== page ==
Outpatient treatment programs are less intensive and restrictive than residential programs, because you won’t be living on site at the treatment facility. That said, the issues they address and the amount of time they last for varies widely from plan to plan. This treatment is also less expensive than residential treatment.
How Do I Know Which Treatment Type Is Right for Me?
After your initial detox, you can speak to your doctor or social worker about the severity of your addiction and the treatment program you’d like to follow. The following guidelines are good rules of thumb.
You may want to consider a long-term residential treatment facility if:
- You have tried outpatient or short-term residential treatment before and found yourself relapsing
- You need help to learn to engage socially and live in a healthy environment
- You need a structured place to face mental health issues before you go home
- You’re worried that your home environment will trigger relapses
- You want intensive, personalized treatment and medical professionals to be available 24/7
You might want to consider a short-term treatment facility if:
- You need to return to your real life responsibilities faster than at a long-term treatment center, but do not need to return immediately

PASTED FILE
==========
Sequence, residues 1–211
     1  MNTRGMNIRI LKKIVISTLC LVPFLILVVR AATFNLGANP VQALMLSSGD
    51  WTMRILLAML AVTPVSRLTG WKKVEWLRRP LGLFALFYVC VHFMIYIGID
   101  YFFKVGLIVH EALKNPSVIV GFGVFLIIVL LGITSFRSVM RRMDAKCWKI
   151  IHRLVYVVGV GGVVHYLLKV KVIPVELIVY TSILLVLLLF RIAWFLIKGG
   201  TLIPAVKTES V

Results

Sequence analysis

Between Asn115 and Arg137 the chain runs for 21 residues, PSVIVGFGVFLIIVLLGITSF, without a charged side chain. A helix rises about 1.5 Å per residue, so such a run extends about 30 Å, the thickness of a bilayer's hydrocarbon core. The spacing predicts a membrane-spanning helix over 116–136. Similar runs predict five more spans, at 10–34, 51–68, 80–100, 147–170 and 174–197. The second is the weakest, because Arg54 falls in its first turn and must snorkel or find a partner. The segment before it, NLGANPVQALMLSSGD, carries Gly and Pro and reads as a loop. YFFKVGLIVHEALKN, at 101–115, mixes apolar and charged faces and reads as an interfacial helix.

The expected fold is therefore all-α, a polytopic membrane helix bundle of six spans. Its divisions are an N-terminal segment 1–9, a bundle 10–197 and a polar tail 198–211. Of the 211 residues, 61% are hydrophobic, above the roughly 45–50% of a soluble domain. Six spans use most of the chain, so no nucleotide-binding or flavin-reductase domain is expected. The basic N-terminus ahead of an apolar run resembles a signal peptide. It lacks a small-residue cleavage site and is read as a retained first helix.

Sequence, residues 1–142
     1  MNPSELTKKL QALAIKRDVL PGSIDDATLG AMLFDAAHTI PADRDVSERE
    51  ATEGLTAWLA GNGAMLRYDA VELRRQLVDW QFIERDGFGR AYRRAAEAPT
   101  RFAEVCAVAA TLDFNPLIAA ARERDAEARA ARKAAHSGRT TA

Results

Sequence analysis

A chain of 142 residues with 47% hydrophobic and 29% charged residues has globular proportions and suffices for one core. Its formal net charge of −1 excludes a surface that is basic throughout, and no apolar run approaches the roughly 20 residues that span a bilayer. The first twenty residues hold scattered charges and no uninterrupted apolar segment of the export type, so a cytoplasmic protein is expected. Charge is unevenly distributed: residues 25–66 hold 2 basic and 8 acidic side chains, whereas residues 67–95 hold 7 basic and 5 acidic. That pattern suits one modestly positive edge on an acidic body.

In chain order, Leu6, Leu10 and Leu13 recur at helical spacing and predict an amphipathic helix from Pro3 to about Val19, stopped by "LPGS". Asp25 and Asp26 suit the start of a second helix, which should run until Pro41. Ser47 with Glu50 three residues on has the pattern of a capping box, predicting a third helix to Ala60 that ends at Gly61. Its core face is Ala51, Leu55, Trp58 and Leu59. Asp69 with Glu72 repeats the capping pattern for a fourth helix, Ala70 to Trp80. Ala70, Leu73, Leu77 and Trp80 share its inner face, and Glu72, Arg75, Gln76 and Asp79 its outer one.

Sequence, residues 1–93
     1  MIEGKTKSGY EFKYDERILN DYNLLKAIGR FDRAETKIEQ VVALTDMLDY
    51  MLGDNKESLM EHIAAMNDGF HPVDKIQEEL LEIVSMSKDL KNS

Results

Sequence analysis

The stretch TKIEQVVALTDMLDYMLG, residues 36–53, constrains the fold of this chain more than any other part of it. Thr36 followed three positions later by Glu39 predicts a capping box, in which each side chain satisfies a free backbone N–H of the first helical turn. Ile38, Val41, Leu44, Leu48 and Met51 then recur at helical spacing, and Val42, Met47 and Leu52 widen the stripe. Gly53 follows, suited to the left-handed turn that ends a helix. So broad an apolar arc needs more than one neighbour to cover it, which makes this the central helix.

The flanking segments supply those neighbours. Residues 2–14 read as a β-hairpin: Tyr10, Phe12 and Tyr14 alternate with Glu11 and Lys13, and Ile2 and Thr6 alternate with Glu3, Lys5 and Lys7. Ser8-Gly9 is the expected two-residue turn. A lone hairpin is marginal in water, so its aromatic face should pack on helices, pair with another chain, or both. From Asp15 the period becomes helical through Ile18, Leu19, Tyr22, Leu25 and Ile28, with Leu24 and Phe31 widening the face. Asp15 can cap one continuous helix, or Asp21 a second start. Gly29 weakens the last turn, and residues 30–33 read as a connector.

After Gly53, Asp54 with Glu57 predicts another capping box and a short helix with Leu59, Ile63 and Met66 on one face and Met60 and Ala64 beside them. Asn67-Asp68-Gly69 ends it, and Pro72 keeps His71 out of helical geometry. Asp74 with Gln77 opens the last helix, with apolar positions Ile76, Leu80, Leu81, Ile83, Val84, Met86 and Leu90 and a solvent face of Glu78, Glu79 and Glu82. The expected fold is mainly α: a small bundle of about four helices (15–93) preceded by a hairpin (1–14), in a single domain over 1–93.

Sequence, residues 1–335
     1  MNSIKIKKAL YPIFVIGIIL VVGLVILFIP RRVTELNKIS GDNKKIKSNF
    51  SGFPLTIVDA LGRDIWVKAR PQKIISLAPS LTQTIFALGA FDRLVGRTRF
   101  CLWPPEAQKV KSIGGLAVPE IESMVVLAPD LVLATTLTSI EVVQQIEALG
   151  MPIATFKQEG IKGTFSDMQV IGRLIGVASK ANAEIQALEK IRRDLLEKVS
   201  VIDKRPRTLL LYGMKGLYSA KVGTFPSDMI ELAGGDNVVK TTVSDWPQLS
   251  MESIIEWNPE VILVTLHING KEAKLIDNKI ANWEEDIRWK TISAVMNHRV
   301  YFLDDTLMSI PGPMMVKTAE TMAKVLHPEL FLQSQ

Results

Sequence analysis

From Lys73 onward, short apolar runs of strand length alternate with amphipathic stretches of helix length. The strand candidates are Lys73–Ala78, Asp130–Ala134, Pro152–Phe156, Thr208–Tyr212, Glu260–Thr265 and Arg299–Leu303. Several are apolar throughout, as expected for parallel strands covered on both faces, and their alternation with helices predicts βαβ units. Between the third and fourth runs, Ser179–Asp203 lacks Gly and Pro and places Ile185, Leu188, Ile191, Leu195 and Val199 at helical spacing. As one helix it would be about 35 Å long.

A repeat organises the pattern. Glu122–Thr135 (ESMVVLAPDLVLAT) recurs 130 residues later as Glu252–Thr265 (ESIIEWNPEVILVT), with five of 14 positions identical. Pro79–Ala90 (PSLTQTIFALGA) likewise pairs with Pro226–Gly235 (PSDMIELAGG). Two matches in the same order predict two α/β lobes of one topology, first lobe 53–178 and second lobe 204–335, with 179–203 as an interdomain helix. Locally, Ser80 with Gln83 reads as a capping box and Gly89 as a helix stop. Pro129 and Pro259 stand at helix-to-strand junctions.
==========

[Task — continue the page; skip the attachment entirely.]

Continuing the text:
- You want a stable environment to learn coping mechanisms to take back home
- You are seeking education about drug addictions and alcoholism
- You want to be supervised for the first few weeks following your detoxification to avoid relapse
You might consider outpatient-only plans if:
- You cannot afford a residential treatment facility
- You already have a social support network at home
- You have a stable home environment which is unlikely to trigger a relapse
- You need to return to work or school immediately
Here’s an important fact regarding addiction: Residential treatment has a higher rate of success than outpatient-only treatment. This can be attributed to a number of different factors. Residential treatment gives you real-time access to mental health professionals 24 hours a day. It also ensures you’re in a safe, supervised environment while you begin your addiction recovery. Sometimes the variables in a home environment can trigger relapses, even if you’re involved in a relatively intensive outpatient program.
If you’re able to, taking some time off work or school is sometimes the best course of action. Work and school both add enormous amounts of pressure to your workload. The stress isn’t always good for you, and it’s even worse when you’re trying to fight an addiction on top of that.
If you begin an outpatient treatment program but find yourself relapsing or struggling, you might want to talk to your doctor about inpatient care. Many treatment facilities have sliding scales of responsibility regarding finances. Some also have scholarship programs that you can apply for.
The people in your life would want you to get the treatment you need in the time frame you need, rather than trying to rush treatment and having a relapse. We can help you discuss your options; our trained counselors are available 24/7 at 888-380-0342